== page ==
April 3, 2015

SIMPLIFY, SIMPLIFY:

The Tax Deductions Economists Hate (BEN CASSELMAN, 4/03/15, 538)

Of course, to say "economists" think anything is a bit nuts. There are thousands of economists in the U.S., with widely varying ideologies and opinions. When it comes to taxes, much of that disagreement focuses on tax rates -- both how much the government should be raising in total and how evenly distributed those taxes should be up and down the income ladder. There's less disagreement (though certainly not none) on how those taxes should be structured. And there are some tax breaks that a wide swath of economists hate.

At the top of many economists' hit list is the mortgage-interest deduction. If you have a mortgage on your home, you don't have to pay taxes on the interest on that loan. According to the Congressional Budget Office, that tax break cost the federal government $70 billion in 2013.

Economists have all sorts of problems with the mortgage-interest deduction. For one thing, because wealthier people own bigger homes with bigger mortgages, the benefit disproportionately benefits the rich. In 2013, 73 percent of that $70 billion went to the wealthiest 20 percent of earners; 15 percent went to the richest 1 percent. The poorest 20 percent, who rarely own homes, got essentially nothing.

The problems don't stop there, economists say. The mortgage-interest deduction also gives people an incentive to borrow as much money as possible -- to buy bigger homes and make smaller down payments. That probably isn't good for either homeowners or the economy (remember the housing bubble?), and it might even drive up home prices artificially, making homes less affordable for new buyers.

Perhaps because of the effect on prices, the mortgage-interest deduction doesn't even seem to encourage homeownership. Thomas L. Hungerford, an economist with the liberal Economic Policy Institute, notes that Canada and the United Kingdom have homeownership rates similar to that of the U.S., even though they don't let borrowers write off the interest on their mortgages. "Having the mortgage-interest deduction does almost nothing for increasing homeownership rates," Hungerford said. Economists at the libertarian think tank Reason reached the same conclusion in a 2011 report. [...]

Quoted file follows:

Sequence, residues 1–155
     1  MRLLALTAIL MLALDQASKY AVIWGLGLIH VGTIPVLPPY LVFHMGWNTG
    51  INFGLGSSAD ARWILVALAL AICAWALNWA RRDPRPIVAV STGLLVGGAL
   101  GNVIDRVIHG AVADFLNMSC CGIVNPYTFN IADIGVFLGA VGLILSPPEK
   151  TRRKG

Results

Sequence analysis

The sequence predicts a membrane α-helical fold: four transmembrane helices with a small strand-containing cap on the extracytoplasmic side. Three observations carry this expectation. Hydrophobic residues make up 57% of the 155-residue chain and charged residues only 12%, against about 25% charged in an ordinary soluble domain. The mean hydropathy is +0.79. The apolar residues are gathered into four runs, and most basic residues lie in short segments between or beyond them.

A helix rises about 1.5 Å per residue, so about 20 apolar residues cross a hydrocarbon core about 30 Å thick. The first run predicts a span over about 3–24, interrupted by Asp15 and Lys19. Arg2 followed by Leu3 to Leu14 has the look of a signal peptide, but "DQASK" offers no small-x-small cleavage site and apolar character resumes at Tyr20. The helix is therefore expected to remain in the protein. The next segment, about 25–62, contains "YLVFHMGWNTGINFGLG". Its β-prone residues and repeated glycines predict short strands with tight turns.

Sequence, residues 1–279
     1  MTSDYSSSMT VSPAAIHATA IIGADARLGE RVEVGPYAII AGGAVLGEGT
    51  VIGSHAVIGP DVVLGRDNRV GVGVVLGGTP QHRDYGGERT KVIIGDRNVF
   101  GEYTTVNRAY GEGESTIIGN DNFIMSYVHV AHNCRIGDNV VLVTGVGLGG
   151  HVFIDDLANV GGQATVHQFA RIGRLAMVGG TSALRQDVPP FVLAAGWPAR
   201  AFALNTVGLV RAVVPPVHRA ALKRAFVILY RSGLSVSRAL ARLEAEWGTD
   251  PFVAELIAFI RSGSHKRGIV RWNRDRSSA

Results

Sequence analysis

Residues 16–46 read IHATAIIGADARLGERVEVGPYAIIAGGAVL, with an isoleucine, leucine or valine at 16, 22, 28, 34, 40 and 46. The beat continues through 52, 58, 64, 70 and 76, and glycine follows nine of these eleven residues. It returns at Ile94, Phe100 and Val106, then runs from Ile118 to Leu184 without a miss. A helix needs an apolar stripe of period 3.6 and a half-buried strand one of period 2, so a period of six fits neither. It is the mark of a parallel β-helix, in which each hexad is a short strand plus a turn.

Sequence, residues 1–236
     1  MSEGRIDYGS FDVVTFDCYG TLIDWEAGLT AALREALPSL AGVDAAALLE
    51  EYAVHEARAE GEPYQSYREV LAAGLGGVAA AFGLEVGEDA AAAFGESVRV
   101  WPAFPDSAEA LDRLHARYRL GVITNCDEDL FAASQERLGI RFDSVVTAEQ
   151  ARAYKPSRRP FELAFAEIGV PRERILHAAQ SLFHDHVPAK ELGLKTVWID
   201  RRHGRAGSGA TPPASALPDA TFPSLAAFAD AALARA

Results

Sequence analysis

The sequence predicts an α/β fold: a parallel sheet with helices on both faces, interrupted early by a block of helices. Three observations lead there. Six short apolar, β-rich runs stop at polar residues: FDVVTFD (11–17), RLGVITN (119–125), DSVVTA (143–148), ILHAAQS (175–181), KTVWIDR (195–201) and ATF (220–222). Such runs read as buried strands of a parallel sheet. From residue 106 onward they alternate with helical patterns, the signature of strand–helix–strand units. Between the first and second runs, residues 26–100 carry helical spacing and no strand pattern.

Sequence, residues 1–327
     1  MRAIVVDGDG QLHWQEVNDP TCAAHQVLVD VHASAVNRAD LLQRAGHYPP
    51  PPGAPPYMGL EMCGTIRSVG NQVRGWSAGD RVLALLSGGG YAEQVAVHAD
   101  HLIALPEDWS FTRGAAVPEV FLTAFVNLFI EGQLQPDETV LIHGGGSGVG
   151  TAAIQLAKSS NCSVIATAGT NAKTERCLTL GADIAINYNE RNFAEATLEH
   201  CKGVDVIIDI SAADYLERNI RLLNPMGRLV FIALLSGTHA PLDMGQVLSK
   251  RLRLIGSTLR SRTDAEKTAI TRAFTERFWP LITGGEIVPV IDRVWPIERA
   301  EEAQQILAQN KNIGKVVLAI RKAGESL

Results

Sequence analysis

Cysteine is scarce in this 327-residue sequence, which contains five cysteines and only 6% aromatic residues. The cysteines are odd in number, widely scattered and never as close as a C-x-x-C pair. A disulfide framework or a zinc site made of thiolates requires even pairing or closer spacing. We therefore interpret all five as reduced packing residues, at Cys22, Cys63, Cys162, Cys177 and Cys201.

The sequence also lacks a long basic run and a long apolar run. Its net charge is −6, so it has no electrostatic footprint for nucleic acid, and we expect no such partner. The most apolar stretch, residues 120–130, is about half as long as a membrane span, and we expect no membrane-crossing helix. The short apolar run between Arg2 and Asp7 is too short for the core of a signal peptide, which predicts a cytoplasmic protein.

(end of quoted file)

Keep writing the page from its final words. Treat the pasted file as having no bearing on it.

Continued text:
Next up on economists' chopping block: the deduction for state and local taxes. Right now, if you pay taxes in your home state, you can write them off on your federal tax return.7 That might seem reasonable -- you're already paying taxes once! -- but from the federal government's perspective, state taxes really aren't much different from any other expenditures. Your taxes pay for roads, schools and police protection, the same way your rent pays for housing.8

The deduction for state and local taxes helps the rich even more than the mortgage-interest deduction. Eighty percent of the benefit goes to the top 20 percent of earners, and 30 percent to the top 1 percent. That's hardly surprising: The wealthy pay more state and local income tax, both because they have more income and because most state income taxes are progressive -- they tax the rich at a higher rate.

Inequality isn't the only issue, though. "It's in effect a subsidy for having higher taxes at a state level," said Alan Cole, an economist at the Tax Foundation, a Washington think tank. If New York raises its state taxes, its citizens don't actually have to pay for that full tax increase themselves because they can deduct the state taxes on their federal returns. Instead, taxpayers around the country are in effect picking up part of the tab. That especially bothers conservative economists, since it makes it easier for some states to have higher taxes. But even liberal economists generally agree that it isn't the most efficient system.

Posted by at April 3, 2015 3:32 PM
  

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